Hermès presented the final collection of the spring 2015 season. It arrived like a sigh of relief on Wednesday evening. Tucked into the Luxembourg Gardens, inside a greenhouse relieved of its plants and transformed into an indoor Sahara, the show was filled with timeless clothes of exquisite luxury. Fluid ivory trousers looked as comfortable as pajamas. Roomy pullover sweaters fell with the weight of indulgent summer cashmere. And sand-colored walking shorts — crocodile walking shorts — were remarkably elegant with only the barest hint of ostentation.
Hermès has always been one of the rare collections that eschews trends and aims to speak to a woman who prefers quality over quantity. The brand, which is planning a new store at CityCenterDC, is the kind of collection that rarely suggests a woman wear something constricting or too revealing. It is reserved and serious — although not somber.
Hermès is a reasonable choice for a well-to-do woman who doesn’t want to spend much time considering her clothes. Many would consider it “intelligent.”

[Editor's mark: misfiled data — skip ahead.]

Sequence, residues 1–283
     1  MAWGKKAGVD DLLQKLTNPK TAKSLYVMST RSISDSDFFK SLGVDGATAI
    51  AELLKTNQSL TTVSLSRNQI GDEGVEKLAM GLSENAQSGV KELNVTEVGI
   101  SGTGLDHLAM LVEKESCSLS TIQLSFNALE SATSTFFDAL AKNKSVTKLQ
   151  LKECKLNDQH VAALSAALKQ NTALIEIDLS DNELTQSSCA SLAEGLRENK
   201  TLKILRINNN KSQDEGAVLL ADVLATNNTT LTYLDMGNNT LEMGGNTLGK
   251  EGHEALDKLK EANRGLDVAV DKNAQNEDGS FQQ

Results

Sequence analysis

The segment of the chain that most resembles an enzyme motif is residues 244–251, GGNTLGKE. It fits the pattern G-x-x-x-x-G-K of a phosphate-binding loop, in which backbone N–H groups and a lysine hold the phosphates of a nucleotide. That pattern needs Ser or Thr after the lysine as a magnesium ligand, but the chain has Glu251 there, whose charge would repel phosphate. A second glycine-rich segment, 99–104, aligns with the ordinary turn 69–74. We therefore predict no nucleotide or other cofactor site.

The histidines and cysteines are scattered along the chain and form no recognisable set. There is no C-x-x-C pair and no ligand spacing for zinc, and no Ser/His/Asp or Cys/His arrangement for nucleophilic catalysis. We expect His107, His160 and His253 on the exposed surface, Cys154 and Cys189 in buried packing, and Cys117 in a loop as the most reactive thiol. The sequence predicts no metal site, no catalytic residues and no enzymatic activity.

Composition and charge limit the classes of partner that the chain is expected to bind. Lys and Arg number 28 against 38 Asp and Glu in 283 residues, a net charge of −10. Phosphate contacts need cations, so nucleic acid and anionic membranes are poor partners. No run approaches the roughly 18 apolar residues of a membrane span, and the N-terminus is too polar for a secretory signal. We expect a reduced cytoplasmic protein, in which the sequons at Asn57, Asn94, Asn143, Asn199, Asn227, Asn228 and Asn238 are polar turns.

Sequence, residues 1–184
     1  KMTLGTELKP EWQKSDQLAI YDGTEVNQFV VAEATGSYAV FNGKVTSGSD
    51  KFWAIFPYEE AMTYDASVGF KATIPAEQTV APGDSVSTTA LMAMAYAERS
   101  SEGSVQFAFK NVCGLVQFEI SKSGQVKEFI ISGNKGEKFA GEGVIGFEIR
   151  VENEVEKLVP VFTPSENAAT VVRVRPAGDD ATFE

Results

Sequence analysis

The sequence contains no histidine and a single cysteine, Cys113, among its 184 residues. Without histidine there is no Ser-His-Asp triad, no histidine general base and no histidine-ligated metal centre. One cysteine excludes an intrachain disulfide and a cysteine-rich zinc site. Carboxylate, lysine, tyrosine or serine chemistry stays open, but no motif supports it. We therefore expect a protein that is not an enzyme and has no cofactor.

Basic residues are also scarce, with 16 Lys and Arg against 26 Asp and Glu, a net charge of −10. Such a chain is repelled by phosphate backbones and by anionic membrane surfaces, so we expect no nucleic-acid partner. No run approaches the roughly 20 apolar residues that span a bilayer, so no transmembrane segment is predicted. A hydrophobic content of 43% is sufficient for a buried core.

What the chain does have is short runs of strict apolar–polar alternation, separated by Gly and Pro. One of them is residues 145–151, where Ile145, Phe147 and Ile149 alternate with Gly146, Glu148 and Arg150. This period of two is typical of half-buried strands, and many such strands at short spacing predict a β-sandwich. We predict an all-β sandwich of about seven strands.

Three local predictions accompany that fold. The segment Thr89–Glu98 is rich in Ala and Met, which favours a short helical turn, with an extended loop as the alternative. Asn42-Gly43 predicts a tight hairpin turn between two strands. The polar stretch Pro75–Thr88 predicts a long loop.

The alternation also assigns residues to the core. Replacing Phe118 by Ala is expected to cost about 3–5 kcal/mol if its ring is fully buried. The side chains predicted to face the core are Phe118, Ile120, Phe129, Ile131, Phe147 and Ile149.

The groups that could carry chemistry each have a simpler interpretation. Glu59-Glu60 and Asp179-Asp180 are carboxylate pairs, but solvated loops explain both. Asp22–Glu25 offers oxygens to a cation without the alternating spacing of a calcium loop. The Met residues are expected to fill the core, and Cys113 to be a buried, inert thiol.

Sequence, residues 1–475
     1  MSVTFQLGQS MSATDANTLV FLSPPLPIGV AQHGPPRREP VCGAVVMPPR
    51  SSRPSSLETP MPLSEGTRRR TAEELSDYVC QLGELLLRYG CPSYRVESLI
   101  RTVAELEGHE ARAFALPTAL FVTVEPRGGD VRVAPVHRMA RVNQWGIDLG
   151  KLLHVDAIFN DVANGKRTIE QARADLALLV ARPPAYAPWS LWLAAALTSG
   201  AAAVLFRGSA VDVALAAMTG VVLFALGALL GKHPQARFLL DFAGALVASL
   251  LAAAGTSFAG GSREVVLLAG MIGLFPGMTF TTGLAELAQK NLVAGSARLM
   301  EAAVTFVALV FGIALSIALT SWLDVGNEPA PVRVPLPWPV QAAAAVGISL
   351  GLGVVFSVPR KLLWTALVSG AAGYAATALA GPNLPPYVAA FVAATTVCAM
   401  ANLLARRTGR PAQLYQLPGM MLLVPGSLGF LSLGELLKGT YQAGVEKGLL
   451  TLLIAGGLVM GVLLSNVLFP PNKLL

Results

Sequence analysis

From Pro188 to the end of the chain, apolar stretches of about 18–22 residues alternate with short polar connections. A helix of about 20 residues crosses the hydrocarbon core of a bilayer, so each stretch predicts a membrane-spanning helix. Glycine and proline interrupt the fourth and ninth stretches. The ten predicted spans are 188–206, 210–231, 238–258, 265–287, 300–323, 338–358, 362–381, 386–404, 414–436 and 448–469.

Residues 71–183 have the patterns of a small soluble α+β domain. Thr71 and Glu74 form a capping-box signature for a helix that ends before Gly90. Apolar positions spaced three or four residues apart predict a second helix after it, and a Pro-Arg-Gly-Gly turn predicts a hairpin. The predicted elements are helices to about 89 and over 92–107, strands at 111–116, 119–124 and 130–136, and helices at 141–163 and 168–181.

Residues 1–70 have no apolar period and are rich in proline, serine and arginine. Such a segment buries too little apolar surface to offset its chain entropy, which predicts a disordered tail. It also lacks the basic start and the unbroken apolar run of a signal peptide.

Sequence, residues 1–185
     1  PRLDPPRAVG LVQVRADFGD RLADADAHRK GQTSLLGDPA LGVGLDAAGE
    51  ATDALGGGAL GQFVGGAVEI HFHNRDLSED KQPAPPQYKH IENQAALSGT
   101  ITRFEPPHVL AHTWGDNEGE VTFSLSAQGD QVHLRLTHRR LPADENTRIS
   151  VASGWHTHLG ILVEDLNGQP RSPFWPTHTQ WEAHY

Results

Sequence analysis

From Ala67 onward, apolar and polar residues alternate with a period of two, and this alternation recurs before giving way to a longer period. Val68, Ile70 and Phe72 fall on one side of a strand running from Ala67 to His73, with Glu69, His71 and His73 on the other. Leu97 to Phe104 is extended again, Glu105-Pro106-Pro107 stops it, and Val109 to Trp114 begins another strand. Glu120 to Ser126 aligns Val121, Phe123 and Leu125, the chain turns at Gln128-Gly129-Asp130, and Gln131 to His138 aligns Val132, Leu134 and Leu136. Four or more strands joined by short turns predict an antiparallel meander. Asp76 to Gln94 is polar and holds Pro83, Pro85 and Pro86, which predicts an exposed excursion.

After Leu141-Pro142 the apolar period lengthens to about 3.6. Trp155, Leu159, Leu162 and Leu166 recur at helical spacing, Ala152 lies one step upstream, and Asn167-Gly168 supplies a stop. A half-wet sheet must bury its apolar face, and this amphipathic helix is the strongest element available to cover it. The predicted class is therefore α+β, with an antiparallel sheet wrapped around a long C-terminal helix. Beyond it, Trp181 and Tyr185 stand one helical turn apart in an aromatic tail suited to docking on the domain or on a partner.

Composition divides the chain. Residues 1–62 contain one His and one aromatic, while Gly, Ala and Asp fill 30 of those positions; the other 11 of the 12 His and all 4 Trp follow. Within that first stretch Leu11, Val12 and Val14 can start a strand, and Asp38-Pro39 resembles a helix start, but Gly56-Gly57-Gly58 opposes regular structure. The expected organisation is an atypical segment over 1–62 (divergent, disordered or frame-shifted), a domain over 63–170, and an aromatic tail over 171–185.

But what does that really mean? The question comes up because the spring 2015 runway season, which lasted a full month, with shows stretching from New York’s Central Park to the Bois de Boulogne in Paris, has raised all sorts of heady concerns: respect, our reliance on celebrity culture and even feminism.
Ralph Lauren had a virtual show to introduce his Polo women’s collection in which 3-D models and the designer appeared to walk on water. The clothes, however, were just a blur of color and fuzzy patterns. The event was really a celebration of a brand, not a group of garments.
Thom Browne transformed women into living daisies and poppies. And while admiring the blissful beauty of his work, there was the nagging worry that he’d turned women into pretty little objects — what about their minds! — and gotten away with it without raising a single eyebrow among his guests. Were they remiss?
Designers at Givenchy and the newly revamped Mugler made forays into overt sex appeal with corsets, tight trousers, plunging necklines and hemlines that ended just below the derriere. Are such clothes inherently disrespectful? Or empowering in the Camille Paglia-Madonna-Beyoncé model?